Labour force participation and employment of humanitarian migrants: evidence from the Building a New Life in Australia longitudinal data

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Abstract

This study uses the longitudinal data from the Building a New Life in Australia survey to examine the relationships between human capital and labour market participation and employment status among recently arrived/approved humanitarian migrants. We find that the likelihood of participating in the labour force is higher for those who had pre-immigration paid job experience, completed study/job training and have better job searching knowledge/skills in Australia and possess higher proficiency in spoken English. We find that the chance of getting a paid job is negatively related to having better pre-immigration education, but it is positively related to having unpaid work experience and job searching skills in Australia, and better health. We also explore the ethical implications of the findings.

LanguageEnglish
JournalJournal of Business Ethics
DOIs
Publication statusE-pub ahead of print - 16 May 2019

Fingerprint

labor force participation
migrant
evidence
immigration
unpaid work
capital market
labor force
human capital
experience
labor market
Migrants
Longitudinal data
Labor force participation
Longitudinal Data
Labor Force Participation
participation
health
education
Immigration

Keywords

  • Australia
  • Employment status
  • Human capital
  • Humanitarian migrant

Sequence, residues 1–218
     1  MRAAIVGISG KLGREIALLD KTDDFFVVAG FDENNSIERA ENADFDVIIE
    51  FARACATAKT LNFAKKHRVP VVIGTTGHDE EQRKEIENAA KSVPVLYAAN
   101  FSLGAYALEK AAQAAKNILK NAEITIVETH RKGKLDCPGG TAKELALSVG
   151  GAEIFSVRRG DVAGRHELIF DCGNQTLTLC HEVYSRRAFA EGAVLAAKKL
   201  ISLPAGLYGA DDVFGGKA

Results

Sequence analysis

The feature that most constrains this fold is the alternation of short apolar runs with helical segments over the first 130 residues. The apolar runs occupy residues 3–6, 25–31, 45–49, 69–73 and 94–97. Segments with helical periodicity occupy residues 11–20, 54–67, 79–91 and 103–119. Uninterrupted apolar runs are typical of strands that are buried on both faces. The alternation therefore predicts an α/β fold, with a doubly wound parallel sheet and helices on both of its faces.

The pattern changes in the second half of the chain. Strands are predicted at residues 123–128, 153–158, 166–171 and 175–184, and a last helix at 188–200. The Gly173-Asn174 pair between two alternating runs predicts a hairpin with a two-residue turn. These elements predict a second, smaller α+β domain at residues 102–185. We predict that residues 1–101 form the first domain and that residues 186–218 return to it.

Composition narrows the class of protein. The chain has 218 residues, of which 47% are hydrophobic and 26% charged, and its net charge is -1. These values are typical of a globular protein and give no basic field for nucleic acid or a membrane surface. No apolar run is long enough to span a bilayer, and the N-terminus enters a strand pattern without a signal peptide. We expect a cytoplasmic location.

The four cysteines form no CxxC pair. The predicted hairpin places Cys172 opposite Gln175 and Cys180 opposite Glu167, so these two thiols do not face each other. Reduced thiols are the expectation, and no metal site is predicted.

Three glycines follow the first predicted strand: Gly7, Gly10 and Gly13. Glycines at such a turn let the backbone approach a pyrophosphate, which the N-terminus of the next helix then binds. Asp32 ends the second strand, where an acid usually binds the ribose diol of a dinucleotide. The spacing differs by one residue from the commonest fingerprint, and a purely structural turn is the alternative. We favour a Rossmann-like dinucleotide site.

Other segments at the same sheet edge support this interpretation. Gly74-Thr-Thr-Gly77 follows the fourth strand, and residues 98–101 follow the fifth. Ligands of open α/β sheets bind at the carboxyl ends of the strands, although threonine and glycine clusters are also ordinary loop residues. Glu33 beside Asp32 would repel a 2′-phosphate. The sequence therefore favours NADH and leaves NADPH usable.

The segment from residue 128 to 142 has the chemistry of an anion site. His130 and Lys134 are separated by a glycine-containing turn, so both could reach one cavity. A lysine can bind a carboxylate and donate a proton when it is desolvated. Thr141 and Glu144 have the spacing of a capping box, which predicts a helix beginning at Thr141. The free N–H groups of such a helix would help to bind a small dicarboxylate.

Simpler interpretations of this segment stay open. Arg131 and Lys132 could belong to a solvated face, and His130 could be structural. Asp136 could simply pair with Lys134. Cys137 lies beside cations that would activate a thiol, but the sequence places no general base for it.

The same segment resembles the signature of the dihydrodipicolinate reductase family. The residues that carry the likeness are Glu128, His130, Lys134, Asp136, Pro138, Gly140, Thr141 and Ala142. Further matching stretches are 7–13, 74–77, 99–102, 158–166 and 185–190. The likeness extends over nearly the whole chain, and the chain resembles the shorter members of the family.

• Labour force participation
  • Settlement

Cite this

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title = "Labour force participation and employment of humanitarian migrants: evidence from the Building a New Life in Australia longitudinal data",
abstract = "This study uses the longitudinal data from the Building a New Life in Australia survey to examine the relationships between human capital and labour market participation and employment status among recently arrived/approved humanitarian migrants. We find that the likelihood of participating in the labour force is higher for those who had pre-immigration paid job experience, completed study/job training and have better job searching knowledge/skills in Australia and possess higher proficiency in spoken English. We find that the chance of getting a paid job is negatively related to having better pre-immigration education, but it is positively related to having unpaid work experience and job searching skills in Australia, and better health. We also explore the ethical implications of the findings.",
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AB - This study uses the longitudinal data from the Building a New Life in Australia survey to examine the relationships between human capital and labour market participation and employment status among recently arrived/approved humanitarian migrants. We find that the likelihood of participating in the labour force is higher for those who had pre-immigration paid job experience, completed study/job training and have better job searching knowledge/skills in Australia and possess higher proficiency in spoken English. We find that the chance of getting a paid job is negatively related to having better pre-immigration education, but it is positively related to having unpaid work experience and job searching skills in Australia, and better health. We also explore the ethical implications of the findings.

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